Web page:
Gripping Podcast-to-Screen Drama 'Dr Death' Is Your Next Chilling True-Crime Binge-Watch
The grim and compelling eight-part series stars Joshua Jackson as a real-life neurosurgeon charged with killing and maiming his patients.
Cliffhangers aren't a new creation. On the page, abrupt endings and shock revelations that leave you hanging for the next chapter date back centuries, in fact. On the screen, they've been around as long as movies and TV shows have existed, too, and have popped up in everything from The Empire Strikes Back to Twin Peaks. Streaming platforms love them with a particular passion, however. End an episode with a cliffhanger, and viewers will ideally keep watching the next instalment right there and then, and the one after that, until they've just binged the entire program in one go because they simply couldn't wait to find out what happens. We've all been in that situation — and, once you press play on Dr Death, you're likely to find yourself in that same terrain again.
Now streaming on Stan, the true-crime series deploys the tactic masterfully. When each episode ends, the audience desperately wants more. That's a product of the show's structure, with jumping around between different years in Christopher Duntsch's life part of its approach, and also a result of the stressful story itself. As played by Joshua Jackson (Little Fires Everywhere), Duntsch is full of charm when he's trying to encourage folks with spinal pain and neck injuries into his operating theatre — or when he's attempting to convince hospitals, particularly in Texas, to hire him. But again and again, those surgeries end horrendously. And if he's not endeavouring to sweet talk someone to get what he wants — and maintain the reputation and lifestyle he demands — the neurosurgeon's charisma melts into pure arrogance, including when he's dealing with his patients post-surgery and/or their loved ones.
That's the narrative that Dr Death charts, all based on Duntsch's real-life tale — with the series following The Case Against Adnan Syed and the first and second seasons of Dirty John in jumping to the small screen from podcasts. If you've heard the Wondery release that shares Dr Death's name, you'll know how it all turns out, but that doesn't make the show any less effective. If you're coming to it all anew, prepare to watch a horrific scenario unfold over and over in this eight-episode drama. The longer he's allowed to operate, the bleaker Duntsch's story gets, all while fellow Texas surgeons Randall Kirby (Christian Slater, Dirty John) and Robert Henderson (Alec Baldwin, Pixie) do whatever they can to bring his misdeeds to light.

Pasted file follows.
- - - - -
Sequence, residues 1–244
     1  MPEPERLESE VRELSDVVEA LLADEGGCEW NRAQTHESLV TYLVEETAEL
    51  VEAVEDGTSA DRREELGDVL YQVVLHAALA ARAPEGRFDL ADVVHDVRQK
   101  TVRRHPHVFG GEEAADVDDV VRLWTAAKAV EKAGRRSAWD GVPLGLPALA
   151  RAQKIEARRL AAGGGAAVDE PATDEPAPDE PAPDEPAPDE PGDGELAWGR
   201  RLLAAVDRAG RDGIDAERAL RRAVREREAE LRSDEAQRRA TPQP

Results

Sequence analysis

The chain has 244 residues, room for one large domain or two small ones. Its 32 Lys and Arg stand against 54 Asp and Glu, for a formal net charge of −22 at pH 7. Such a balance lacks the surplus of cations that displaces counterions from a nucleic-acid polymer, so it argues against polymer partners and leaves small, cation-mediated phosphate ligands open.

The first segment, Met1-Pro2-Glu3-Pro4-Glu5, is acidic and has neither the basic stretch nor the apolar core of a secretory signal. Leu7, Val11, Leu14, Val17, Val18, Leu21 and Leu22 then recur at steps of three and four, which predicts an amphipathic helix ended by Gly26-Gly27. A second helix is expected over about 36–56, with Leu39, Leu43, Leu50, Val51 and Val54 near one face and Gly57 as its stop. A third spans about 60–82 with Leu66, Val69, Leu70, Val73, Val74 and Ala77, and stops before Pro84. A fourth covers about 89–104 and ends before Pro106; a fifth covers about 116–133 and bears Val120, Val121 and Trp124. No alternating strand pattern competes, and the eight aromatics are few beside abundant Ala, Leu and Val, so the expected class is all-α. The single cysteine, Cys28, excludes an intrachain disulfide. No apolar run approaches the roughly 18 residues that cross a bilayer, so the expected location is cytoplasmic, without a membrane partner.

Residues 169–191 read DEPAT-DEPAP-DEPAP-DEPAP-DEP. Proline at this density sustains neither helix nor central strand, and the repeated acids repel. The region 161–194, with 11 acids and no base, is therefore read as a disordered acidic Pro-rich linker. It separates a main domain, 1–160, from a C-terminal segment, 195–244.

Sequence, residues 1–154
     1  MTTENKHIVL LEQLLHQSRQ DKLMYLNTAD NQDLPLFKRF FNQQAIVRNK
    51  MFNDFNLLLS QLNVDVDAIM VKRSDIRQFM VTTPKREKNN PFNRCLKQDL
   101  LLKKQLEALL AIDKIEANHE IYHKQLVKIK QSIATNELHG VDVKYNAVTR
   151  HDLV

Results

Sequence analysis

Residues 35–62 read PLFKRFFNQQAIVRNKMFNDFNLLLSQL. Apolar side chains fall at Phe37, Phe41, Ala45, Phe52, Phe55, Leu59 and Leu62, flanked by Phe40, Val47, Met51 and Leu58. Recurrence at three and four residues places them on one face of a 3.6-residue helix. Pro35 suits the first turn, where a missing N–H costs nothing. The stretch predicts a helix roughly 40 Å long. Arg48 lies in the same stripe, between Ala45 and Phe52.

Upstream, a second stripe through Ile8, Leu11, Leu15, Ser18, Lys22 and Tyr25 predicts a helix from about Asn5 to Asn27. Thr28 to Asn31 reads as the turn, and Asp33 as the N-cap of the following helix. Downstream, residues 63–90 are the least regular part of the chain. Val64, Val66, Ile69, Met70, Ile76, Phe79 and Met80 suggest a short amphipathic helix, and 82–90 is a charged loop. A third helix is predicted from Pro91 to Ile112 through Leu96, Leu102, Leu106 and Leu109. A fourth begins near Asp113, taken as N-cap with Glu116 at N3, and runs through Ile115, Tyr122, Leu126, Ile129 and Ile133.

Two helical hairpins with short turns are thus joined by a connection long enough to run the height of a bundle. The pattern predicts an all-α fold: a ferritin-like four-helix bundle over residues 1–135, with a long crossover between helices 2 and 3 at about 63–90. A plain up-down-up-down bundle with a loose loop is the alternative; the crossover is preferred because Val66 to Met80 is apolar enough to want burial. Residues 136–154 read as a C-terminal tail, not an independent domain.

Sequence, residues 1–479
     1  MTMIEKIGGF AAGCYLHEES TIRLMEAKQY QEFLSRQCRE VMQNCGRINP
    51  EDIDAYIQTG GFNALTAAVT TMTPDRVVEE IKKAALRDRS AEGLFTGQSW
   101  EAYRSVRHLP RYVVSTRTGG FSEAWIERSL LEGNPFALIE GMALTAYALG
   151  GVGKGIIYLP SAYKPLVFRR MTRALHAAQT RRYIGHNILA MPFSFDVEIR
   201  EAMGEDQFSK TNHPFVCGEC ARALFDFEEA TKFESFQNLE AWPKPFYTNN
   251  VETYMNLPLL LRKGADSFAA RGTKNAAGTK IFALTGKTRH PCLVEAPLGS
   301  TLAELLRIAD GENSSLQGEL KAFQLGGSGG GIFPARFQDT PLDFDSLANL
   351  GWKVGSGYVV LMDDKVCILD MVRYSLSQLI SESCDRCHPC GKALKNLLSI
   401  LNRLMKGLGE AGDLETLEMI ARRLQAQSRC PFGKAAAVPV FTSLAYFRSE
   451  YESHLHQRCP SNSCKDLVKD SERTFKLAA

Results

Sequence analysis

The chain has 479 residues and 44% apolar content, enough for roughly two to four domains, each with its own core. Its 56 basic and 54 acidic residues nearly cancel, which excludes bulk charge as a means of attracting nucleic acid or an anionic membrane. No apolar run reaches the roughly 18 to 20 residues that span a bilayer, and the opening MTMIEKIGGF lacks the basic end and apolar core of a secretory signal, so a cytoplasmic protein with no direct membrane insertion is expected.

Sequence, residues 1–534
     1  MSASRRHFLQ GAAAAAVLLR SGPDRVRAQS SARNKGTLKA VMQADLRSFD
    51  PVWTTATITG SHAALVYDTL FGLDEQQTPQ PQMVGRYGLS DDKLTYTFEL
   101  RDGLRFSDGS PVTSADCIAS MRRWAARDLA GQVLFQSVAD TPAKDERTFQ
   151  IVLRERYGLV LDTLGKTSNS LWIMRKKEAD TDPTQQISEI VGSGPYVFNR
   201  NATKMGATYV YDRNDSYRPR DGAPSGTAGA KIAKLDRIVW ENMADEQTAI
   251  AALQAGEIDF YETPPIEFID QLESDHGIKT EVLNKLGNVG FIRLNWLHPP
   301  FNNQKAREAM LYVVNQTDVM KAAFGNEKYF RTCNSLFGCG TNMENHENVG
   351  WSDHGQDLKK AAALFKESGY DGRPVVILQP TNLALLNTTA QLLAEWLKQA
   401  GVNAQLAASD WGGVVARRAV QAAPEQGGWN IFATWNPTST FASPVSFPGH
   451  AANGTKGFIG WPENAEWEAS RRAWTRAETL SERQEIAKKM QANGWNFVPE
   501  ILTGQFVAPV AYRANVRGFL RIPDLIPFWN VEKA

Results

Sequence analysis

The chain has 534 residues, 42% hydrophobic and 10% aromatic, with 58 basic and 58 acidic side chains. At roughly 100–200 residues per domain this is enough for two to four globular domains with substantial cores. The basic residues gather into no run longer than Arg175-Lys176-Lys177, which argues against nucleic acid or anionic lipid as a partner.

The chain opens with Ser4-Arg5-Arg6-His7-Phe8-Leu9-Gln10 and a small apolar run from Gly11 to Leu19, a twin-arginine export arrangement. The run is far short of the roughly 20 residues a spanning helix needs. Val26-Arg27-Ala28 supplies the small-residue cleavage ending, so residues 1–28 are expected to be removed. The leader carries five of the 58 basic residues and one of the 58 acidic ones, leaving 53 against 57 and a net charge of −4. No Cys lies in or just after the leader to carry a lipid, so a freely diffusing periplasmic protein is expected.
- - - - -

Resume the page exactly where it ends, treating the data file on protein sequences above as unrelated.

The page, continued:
Working in Dallas during the past decade, Duntsch was originally a rising neurosurgery star. Then, as the series charts, his patients started leaving the operating theatre either permanently maimed or dead. And, as Kirby and Henderson begain to realise, these weren't just the kind of mistakes that any highly skilled surgeon might make. If you've ever faced going under the knife, this is pure, unfettered and deeply disturbing nightmare fuel — and Dr Death rightly treats it as such. The plot here is inherently petrifying anyway, given that it all really happened; however, directors Maggie Kiley (another Dirty John alum), Jennifer Morrison (also an actor on House) and So Yong Kim (Lovesong) draw out every ounce of terror and tension, as does series creator Patrick Macmanus (Homecoming) and his writing staff.
Playing Duntsch, Jackson is worlds away from his well-known work on Dawson's Creek, The Mighty Ducks and Fringe. When the situation calls for it, he can win over whoever he needs to, but something chilling lingers in every moment. It's a powerful performance in a series that also boasts great work from Slater and Baldwin — the former sliding into his usual talkative on-screen persona, and gifted one particular line that'll make Mr Robot fans laugh; the latter operating in a quieter and more solemn tenor. As the Dallas prosecutor who takes the case, AnnaSophia Robb (Words on Bathroom Walls) plays dogged and determined with aplomb as well.
Obviously, this is grim viewing — and gripping, anxiety-riddled, cliffhanger-filled and highly bingeable viewing, too. It's also a damning indictment of America's health system, the push for profits infiltrating medicine, the lack of checks and balances afforded egotistic white men with high-powered jobs, and the rockstar standing that's handed out much too easily and quickly to those same culprits.
Check out the trailer below:
Dr Death is available to stream now via Stan.
Top image: Scott McDermott/Peacock.
Published on July 21, 2021 by Sarah Ward